Warren Buffett is known to warn investors away from companies who have fallen prey to the Institutional Imperative. The Institutional Imperative is the phrase Buffett uses to describe the way that many management teams, generally for reasons of greed, manage their company to the benefit of the institution rather than for shareholders.
The Institutional Imperative leads to companies making acquisitions of other companies which increase the size of the institution, but do not increase shareholder value. It leads to companies following what other companies are doing so that they do not risk looking bad instead of charting the course that would best lead to enhanced shareholder profits.
In short, the Institutional Imperative describes how many management teams manage their organization for the sake of the organization instead of recognizing that they should be managing their organization for the sake of shareholders.
I believe that many nonprofit organizations are in the grips of a variant of the Institutional Imperative.
The for-profit Institutional Imperative is driven by greed (management teams that want to run bigger organizations) and a desire to not look bad (management teams that follow the herd, even during periods of irrationality such as the dot-com boom and the period leading up to the financial crisis). The nonprofit Institutional Imperative is driven by fear, the fear created by running an organization which is constantly fighting for survival.
Nonprofits, even large ones, rarely have enough money. Even when their revenue is high, they frequently do not have the philanthropic equity on their balance sheet that would give them the ability to invest in the future. When an organization, or an organism, is in survival mode, it must shut down nonessential functions. It must operate so as to preserve itself. In the case of a nonprofit, this means focusing on fundraising and executing existing programs.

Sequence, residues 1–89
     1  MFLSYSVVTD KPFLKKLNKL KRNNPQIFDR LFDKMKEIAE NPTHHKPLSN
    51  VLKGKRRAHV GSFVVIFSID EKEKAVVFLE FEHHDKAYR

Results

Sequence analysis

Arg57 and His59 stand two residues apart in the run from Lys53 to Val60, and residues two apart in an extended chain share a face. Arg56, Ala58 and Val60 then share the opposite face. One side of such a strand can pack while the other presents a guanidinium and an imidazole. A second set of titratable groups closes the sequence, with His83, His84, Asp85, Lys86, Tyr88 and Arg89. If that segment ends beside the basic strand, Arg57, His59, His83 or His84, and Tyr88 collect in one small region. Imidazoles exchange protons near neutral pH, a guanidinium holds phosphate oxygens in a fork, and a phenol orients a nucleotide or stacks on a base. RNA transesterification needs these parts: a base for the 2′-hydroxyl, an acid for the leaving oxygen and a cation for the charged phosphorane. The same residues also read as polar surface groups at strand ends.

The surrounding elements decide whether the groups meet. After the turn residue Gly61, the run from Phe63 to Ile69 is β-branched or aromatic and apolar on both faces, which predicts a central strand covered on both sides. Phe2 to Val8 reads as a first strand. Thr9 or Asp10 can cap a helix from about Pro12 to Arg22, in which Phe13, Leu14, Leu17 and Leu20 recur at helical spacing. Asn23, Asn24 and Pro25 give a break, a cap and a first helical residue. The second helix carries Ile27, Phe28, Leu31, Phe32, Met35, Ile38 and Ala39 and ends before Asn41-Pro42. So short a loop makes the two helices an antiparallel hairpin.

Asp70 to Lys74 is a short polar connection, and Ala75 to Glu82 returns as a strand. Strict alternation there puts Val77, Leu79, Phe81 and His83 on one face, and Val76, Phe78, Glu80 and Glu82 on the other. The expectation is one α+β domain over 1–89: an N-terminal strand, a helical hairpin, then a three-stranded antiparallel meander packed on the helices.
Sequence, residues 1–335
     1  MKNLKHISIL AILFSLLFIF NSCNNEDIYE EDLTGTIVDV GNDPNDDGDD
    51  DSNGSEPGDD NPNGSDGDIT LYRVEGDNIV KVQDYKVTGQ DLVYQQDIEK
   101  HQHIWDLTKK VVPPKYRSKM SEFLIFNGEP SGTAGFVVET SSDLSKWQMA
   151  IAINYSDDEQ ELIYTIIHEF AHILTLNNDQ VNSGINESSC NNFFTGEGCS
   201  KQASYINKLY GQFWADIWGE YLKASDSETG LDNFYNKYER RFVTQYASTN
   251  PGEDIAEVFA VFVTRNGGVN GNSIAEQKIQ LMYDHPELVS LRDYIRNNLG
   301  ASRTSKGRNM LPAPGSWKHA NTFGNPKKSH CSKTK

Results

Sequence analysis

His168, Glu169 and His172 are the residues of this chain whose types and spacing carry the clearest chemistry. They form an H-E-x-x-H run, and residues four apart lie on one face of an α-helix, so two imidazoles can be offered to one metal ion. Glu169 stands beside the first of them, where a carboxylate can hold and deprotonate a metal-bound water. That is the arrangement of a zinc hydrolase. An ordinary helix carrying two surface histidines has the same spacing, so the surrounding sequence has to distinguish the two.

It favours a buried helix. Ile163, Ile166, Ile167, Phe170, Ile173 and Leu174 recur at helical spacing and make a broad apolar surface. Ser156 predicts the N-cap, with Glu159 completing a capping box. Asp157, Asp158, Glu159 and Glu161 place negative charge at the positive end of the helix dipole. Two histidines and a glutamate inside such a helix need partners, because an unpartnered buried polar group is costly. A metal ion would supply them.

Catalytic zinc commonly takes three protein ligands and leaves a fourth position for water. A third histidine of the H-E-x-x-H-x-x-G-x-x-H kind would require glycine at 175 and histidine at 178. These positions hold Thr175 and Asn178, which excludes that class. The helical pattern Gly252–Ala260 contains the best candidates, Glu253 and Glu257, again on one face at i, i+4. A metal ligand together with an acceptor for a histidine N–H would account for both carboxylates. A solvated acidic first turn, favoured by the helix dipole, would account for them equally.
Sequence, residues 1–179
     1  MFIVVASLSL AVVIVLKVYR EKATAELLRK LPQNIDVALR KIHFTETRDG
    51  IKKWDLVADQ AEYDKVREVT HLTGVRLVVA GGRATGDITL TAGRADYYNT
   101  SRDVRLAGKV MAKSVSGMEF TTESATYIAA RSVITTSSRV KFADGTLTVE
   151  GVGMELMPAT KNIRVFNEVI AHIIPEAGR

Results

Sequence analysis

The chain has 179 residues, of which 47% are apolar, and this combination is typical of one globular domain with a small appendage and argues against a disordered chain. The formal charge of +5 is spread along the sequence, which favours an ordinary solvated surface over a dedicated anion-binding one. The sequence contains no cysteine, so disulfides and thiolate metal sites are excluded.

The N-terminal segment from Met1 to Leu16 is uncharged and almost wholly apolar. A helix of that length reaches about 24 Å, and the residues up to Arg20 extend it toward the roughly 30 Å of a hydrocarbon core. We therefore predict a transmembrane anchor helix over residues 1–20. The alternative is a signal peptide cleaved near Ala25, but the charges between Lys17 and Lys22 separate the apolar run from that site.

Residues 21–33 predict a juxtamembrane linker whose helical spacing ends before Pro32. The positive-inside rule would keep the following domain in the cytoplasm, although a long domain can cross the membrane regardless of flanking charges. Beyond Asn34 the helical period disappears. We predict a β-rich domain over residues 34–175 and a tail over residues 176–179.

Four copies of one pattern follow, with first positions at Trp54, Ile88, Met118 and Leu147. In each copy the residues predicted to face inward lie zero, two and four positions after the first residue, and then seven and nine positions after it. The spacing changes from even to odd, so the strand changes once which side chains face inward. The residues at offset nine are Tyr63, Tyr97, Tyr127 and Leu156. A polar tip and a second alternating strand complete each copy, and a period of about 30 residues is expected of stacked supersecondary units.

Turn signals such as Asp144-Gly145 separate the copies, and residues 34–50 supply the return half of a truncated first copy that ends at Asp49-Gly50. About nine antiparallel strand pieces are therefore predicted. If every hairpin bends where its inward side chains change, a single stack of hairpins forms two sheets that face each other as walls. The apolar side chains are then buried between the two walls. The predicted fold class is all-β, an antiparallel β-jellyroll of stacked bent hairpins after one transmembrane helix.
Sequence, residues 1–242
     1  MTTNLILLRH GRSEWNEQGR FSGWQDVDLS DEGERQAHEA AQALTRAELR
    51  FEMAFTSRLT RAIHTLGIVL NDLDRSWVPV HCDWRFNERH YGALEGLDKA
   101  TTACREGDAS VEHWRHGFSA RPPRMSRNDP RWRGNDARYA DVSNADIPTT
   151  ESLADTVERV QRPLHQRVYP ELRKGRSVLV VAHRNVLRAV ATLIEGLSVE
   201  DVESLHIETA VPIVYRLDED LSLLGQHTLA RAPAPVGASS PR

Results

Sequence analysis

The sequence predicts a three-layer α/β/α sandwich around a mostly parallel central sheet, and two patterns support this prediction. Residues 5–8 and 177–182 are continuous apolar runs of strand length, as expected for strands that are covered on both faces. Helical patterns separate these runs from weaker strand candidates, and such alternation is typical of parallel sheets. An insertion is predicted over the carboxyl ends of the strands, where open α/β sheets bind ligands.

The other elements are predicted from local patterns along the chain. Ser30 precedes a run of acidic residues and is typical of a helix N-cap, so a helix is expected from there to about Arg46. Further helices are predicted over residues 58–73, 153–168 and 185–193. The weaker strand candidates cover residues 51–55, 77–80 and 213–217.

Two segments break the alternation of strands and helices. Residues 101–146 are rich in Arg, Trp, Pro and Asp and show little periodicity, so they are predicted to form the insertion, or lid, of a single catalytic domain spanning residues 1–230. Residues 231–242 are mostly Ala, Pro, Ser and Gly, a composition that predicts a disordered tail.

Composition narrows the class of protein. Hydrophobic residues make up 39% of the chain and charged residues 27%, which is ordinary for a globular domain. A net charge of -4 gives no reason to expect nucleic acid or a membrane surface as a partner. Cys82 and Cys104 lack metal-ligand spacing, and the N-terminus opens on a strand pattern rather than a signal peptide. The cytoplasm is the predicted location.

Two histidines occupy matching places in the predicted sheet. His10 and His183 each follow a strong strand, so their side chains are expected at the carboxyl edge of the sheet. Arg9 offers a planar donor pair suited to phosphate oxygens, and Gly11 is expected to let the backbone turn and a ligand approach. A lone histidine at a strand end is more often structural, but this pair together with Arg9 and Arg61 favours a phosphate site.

The nonprofit Institutional Imperative is responsible for the fact that so few nonprofit measure their performance, track the outcomes of their work or make the resources available to share information about what works (and what does not) with the field.
The nonprofit Institutional Imperative leads nonprofit management teams to run their organization for the sake of the organization rather than for the sake of stakeholders.
Warren Buffett believes that simple human nature is responsible for the Institutional Imperative. Observing that many for-profit and nonprofit organizations fall prey to the Institutional Imperative is not a criticism so much as a recognition that the normal human emotions of greed and fear lead management teams of both for-profits and nonprofits to run their organizations in ways that do not maximize benefits to shareholders and stakeholders.
But great organizations are led by teams who refuse to succumb to the Institutional Imperative. They recognize that the organization they lead is not itself an entity to preserve so much as a vehicle for delivering value to shareholders and stakeholders. The gifted executive is one who realizes that they have been entrusted with stewarding this value creating vehicle. They have been given the responsibility of maximizing the value that their organization creates, not simply tending to the care and feeding of the organization.
Before making every decision an executive team should be able to answer “Yes” to the question, “Does this action enhance value to our shareholders or stakeholders?” NOT “Does this action benefit our organization?”
By throwing off the shackles of the Institutional Imperative, you can align all of your resources towards your true goal. You can do more with less because you are putting every ounce of effort into creating value.
You can truly make a difference.